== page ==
Self-reported UV exposure on weekdays and weekends assessed using questionnaire items: Thinking about the past month, please tell us the times of day as well as the usual length of time that you spent outside between 7 am and 6 pm on a typical weekday and weekend. Length of time is collected in 15 min intervals (0, < 15, 15–29, 30–44, 45–60 min), and will be recoded to the mid-point of the respective exposure times. Total weekday and weekend sun exposure will be calculated as the sum of mid-point exposure times. Self-reported UV exposure will be calculated as the weighted average of the average weekday and weekend self-reported UV exposure (i.e. (weekday× 5 + weekend× 2)/7).
Sun-protection behaviours  assessed individually and summarised as a Sun Protection Habits Index, which is calculated as the mean of six protective behaviours scored on a 4-point Likert scale (1 = never or rarely, 2 = sometimes, 3 = often, 4 = always): During the past month, when outside, how often did you…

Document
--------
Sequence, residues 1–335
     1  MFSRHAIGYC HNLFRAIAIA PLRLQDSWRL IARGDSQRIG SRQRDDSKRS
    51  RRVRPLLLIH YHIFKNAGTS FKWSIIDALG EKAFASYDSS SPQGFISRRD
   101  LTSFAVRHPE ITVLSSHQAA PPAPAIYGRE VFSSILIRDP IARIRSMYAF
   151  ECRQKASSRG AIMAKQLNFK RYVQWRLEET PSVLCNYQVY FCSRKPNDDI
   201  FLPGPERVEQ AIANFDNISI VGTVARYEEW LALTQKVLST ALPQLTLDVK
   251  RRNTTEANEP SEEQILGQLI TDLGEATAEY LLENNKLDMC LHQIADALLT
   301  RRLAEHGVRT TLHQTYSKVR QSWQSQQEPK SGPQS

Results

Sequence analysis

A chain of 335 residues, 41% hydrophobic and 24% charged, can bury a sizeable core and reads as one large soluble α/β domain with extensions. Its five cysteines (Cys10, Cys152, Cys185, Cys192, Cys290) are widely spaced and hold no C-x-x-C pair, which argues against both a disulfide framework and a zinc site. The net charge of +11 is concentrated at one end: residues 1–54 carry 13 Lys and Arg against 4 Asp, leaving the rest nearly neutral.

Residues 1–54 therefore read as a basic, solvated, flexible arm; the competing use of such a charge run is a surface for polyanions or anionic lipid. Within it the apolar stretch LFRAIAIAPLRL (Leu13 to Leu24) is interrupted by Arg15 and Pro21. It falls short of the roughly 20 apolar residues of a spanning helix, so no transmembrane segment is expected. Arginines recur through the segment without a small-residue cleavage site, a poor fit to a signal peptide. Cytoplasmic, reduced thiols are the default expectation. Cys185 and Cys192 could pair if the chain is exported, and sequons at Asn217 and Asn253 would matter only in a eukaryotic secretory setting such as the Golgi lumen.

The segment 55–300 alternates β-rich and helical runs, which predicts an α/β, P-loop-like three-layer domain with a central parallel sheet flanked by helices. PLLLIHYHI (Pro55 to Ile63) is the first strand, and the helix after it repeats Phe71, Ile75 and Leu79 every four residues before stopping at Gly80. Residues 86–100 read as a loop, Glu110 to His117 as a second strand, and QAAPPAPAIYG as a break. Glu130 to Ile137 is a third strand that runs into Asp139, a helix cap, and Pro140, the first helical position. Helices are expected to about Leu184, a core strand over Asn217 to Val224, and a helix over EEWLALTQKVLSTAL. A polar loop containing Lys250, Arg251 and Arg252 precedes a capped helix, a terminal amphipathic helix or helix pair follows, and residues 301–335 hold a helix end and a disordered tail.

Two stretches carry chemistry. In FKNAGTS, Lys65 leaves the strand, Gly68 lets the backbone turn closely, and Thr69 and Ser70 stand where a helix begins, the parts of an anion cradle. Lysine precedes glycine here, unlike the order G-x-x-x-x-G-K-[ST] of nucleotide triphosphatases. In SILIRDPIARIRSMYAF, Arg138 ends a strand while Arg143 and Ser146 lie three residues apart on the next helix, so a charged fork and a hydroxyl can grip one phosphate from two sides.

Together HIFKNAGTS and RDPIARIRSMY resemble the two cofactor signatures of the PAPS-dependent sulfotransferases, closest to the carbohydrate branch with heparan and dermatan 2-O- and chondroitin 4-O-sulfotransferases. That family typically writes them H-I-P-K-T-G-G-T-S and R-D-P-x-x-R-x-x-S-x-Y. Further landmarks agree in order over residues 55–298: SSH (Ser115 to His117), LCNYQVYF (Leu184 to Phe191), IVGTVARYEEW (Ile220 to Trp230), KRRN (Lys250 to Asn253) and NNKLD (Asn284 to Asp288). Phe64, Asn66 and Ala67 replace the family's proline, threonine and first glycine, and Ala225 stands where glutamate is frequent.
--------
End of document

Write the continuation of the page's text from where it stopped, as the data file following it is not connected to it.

Wear a shirt with sleeves that cover your shoulders?
Wear a hat?
Stay in the shade or under an umbrella?
Limit your time in the sun during midday hours?
Sunscreen use is assessed using an item: Have you used sunscreen in the past month? (yes/no). If participants respond ‘yes’ they are asked the following items:
Was this usually a high-protection sunscreen (SPF 30 or more)? (yes/no)
How often on average have you used sunscreen in the past month? (less than once a week, 1–2 days a week, 3–5 days a week, 6–7 days a week)
On days that you have used sunscreen in the past month, how often did you apply it? (open response restricted to numbers)
Did you usually apply sunscreen (select one of the following): to all parts of your body exposed to the sun OR only to parts of your body that are prone to sunburn.